26 SEPTEMBER 1998, Page 38

In sickness and in health

Anthony Quinton

IRIS by John Bayley Duckworth, £16.95, pp. 189 Atheme that comes up in a number of Iris Murdoch's novels is that of the destruction of some treasured object: Bruno's stamps in Bruno's Dream, the retired diplomat's china collection in An Accidental Man. As soon as some precious thing hove into view in the narrative, one began to hold one's breath for the inevitable catastrophe. Something analo- gous happened to her marriage to John Bayley after 40 happy years a little while ago, when she become a victim of Alzheimer's disease.

They had enjoyed a total companionship, unencumbered by children, and involving themselves only minimally — just enough to keep going — in the everyday details of domestic life: cooking, for example, which such as it was, he took over, cleaning the house, which was soon smothered with dust and littered with books, papers, unwashed plates and odd objects which Iris had befriended, or tending the garden, which was described by a friend as 'a concentra- tion camp for flowers'. Nor did they assem- ble the ordinary structures of social life that nervy, exhausting tidal flow of drinks and dinner parties with special glasses and cutlery. They pottered contentedly along, engrossed in their work and communicat- ing almost wordlessly with jokes and pri- vate rituals.

Their marriage was transformed — but not destroyed, rather intensified — by Iris Murdoch's rather rapid descent into the mental nullity of Alzheimer's disease. John Bayley's marvellously written memoir is an account of their life together and of its des- perate transmogrification, for the most part about its long, happy, equal phase; the last, sixth, in diary form, presents representative images of its present sad condition of one- sided dependence. On the surface they were an unusual couple to come together. He is an Etonian, from a military family, who did his war ser- vice as a Grenadier, she was the only child of a minor civil servant from Belfast. They met on common ground as young teachers at Oxford. After an anxious courtship on his part — including a splendidly recounted college dance with all its social hazards - they got married, and all went swimmingly — in more than one sense: the book is punctuated by scenes of bathing, normally in unpromising stretches of water, wherever they go, at home or abroad, so that it almost comes to seem their native element.

They were linked, of course, by their par- allel commitment to literature: she in writ- ing her long series of idiosyncratically imaginative fiction, he in his criticism, enormously perceptive, capacious in appre- ciation, wholly unentangled in theory or ideology. They worked in devoted and affectionate solitude. Now he has to be with her every hour of the day.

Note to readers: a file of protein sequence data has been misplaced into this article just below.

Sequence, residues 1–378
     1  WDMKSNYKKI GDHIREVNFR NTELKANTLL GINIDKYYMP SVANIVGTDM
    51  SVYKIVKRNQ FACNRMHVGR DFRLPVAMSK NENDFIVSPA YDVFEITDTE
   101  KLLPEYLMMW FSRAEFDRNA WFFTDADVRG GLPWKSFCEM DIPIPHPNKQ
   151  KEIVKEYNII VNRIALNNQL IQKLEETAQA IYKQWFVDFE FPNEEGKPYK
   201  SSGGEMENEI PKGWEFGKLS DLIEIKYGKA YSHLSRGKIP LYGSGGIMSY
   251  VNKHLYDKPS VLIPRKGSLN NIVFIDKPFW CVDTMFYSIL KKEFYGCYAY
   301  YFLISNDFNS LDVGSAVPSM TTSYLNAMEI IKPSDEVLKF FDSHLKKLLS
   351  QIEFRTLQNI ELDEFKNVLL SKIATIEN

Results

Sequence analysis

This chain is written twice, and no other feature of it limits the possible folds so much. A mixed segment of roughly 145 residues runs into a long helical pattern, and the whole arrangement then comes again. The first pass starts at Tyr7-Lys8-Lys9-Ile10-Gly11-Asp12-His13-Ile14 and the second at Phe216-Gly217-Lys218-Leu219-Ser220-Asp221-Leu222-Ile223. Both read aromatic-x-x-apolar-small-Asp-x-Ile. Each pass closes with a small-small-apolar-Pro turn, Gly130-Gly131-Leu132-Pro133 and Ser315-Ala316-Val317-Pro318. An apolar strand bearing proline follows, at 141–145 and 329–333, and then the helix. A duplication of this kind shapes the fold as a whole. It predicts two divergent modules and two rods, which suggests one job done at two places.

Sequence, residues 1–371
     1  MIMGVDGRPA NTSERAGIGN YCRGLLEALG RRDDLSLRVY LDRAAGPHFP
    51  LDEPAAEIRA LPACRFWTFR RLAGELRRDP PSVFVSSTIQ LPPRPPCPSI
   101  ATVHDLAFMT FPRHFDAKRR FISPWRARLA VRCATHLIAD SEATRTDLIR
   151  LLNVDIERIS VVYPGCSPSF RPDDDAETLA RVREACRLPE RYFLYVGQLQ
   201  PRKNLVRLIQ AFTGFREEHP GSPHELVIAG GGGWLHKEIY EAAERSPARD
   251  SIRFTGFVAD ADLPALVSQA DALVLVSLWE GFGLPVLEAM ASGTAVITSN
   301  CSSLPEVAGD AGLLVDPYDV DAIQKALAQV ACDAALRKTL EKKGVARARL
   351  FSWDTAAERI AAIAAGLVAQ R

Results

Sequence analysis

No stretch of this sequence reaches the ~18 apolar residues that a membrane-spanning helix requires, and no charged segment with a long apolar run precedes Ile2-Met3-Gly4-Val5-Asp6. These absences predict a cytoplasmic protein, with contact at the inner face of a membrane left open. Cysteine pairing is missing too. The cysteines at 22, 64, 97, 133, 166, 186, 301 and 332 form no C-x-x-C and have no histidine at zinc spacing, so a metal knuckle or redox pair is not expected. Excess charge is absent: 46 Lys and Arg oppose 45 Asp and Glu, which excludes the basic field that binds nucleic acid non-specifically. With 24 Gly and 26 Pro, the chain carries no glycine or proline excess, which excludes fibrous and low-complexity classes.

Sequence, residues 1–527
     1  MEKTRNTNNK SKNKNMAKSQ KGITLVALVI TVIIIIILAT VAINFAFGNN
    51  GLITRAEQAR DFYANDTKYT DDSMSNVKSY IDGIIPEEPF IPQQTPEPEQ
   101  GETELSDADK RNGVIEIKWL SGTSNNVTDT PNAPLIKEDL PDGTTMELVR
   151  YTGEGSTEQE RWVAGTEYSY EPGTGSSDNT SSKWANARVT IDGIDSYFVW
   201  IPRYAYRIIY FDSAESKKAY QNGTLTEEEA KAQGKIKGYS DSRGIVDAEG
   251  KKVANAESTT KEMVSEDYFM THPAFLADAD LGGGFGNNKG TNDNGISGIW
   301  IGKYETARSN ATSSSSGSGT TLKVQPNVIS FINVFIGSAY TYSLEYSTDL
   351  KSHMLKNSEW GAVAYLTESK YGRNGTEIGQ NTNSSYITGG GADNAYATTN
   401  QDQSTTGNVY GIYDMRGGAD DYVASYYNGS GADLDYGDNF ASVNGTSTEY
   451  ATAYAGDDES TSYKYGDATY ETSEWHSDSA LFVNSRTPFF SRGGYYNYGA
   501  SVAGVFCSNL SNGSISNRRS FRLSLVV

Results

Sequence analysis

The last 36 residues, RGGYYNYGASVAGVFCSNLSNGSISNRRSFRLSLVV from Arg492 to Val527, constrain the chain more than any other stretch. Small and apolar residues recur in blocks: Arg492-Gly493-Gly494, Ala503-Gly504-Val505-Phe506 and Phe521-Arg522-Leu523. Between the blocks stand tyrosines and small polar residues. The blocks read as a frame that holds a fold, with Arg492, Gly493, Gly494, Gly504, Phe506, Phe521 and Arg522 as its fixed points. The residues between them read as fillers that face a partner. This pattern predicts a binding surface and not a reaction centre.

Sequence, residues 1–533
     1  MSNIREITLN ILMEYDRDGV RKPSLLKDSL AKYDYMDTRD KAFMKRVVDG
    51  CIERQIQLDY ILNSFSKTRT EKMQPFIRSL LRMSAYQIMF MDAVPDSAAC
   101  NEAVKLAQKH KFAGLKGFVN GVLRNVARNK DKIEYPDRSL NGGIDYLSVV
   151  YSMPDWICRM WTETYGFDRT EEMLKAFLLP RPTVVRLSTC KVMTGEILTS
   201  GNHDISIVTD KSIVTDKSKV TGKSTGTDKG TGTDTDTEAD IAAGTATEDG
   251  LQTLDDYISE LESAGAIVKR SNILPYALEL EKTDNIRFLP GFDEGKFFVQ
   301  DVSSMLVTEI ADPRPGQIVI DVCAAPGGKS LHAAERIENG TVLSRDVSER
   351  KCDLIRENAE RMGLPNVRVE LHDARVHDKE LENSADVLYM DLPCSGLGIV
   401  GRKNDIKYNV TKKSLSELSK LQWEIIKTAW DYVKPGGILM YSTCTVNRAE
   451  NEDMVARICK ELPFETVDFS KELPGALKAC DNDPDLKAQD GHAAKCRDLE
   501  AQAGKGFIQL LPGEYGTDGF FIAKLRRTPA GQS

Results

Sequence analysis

Although at a more fundamental level they are both of them innocent and unworldly, they are so in very different ways. She is unworldly all the way through, he is unworldly by choice. He knows all about the actual world of pushing and striv- ing and status, but simply as an object of amused, gently disdainful contemplation, not as a stage on which to perform. He writes about himself with quiet, confident self-depreciation. He convincingly asserts his wife's absolute modesty, but he has a sophisticated modesty of his own, cheerful- ly admitting all sorts of follies and lapses which others would cosmetically obliterate.

Most would take car-crashes or ill-judged house-buying in their stride, but to confess to losing the lower part of one's false teeth twice while bathing — once in the Canaries, once in Lake Como — takes a special sort of grit, as, in its own way, does admission to a taste for the Archers (helpfully described, for American readers, perhaps, or even posterity) as a gong-running radio serial'.

Iris cannot now remember anything or talk in meaningful sentences, apart from a few endlessly repeated questions — 'when are we going?', 'who is coming?' which she does not seem to understand. She cries a lot, energetically resists being put to bed, needs constant reassurance. John Bayley admits to losing his temper with her from time to time.

Should he have written this book? It has already been said by some that he should not have, sometimes in ignorance and spite. It is a real question, all the same. If one would not do it oneself, even if one's wife were dead, one should ask why. Of course, it does her no harm. But it must influence people's view of her. Would one's motive be just discretion or squeamish- ness? It should perhaps be seen as John Bayley's way of keeping himself going as Iris Murdoch's devoted custodian.